While there are privacy issues inherent in any national tragedy, this will not be a post about privacy. Here at the IAPP, we, too, are reeling after the events that marred the historic running of the Boston Marathon and changed so many lives in a matter of seconds. Our hearts are with the victims—those whose lives have been lost and those who have suffered unimaginable injuries, and their families and friends.
April 15, 2013, started out as the best kind of Monday here at the IAPP. One of our own—after innumerable runs, an incredible commitment to training and weeks upon weeks of fundraising to support a very worthy cause—was taking part in the Boston Marathon. And, thanks to the wonders of our Information Age, we were able to track her progress as she ran toward her goal of completing the world’s oldest annual marathon.
A little cheer rippled through the office as she hit the first 5K, 10K …
We are among the fortunate. Our friend and her IAPP colleagues who traveled to Boston in the unfulfilled hope of watching her cross the finish line were not in the area of the blasts.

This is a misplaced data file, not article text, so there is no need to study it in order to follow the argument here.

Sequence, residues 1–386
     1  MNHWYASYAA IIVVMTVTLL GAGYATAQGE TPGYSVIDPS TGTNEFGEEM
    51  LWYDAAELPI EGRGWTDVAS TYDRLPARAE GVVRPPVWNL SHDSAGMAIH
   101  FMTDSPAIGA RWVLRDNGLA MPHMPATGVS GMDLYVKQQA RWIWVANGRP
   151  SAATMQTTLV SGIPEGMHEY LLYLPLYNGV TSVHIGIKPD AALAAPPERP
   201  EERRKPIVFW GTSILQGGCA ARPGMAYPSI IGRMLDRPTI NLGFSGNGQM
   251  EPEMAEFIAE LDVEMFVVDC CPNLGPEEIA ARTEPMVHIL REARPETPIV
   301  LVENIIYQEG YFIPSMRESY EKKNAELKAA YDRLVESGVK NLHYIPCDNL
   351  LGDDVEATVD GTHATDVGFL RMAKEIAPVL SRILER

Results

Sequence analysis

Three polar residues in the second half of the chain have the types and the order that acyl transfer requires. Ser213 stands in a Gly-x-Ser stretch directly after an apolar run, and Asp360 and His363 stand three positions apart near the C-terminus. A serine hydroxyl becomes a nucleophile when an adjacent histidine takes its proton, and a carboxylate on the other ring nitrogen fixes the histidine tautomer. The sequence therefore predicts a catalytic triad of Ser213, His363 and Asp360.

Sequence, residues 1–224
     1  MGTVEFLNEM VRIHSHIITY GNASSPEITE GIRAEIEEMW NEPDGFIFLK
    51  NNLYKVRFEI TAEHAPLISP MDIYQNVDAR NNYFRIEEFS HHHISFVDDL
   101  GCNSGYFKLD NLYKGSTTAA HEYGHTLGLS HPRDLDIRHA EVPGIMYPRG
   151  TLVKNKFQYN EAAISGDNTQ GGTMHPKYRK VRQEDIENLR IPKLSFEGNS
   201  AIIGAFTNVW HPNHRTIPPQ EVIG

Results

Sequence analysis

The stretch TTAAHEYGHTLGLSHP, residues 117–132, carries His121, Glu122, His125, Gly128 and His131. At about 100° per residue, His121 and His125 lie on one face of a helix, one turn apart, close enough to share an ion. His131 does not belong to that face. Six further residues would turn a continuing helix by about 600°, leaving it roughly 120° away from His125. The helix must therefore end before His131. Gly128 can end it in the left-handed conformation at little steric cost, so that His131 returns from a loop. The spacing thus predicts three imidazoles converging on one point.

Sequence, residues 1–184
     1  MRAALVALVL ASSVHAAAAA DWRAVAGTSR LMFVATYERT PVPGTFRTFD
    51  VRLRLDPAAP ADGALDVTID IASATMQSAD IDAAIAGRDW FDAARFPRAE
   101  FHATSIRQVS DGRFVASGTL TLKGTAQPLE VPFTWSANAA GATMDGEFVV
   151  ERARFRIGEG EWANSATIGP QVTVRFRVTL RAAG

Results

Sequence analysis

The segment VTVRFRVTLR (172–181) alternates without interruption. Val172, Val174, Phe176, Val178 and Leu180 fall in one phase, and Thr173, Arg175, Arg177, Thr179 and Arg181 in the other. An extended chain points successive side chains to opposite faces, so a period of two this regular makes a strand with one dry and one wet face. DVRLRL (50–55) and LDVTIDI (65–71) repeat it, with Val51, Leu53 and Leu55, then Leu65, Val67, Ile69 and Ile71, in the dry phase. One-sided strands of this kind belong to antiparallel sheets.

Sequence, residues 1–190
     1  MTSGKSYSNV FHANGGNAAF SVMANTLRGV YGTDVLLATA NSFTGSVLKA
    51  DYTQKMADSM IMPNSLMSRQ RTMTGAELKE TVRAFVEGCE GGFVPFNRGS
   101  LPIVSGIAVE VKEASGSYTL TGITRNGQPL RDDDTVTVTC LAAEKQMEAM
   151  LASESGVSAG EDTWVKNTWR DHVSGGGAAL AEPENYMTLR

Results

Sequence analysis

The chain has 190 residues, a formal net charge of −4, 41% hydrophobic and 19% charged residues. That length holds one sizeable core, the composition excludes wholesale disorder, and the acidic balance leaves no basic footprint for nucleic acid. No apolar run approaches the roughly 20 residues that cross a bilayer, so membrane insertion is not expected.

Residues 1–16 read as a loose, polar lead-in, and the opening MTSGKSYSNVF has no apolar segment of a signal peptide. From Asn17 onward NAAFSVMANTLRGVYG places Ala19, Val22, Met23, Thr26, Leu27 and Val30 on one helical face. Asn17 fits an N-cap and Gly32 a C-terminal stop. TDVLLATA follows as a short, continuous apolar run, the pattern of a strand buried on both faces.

There were some very tense moments here after the first reports of the tragedy made their way to our social networks and news channels, stunning many of us to silence as we waited to hear if our colleagues—our friends—were safe. That collective worry has been replaced by shock at the senseless attack on innocent human beings by an anonymous coward or cowards who take their personal rage out on strangers. It is replaced with grief—for an eight-year-old boy, the one victim to be identified as of this writing, whose life was taken too soon, and for those who have not yet been named. And, that worry has been replaced by appreciation for the first-responders, runners and spectators who put others before themselves to tend to those most in need.
To all those personally affected by the Boston Marathon tragedy, please know our thoughts and prayers are with you.
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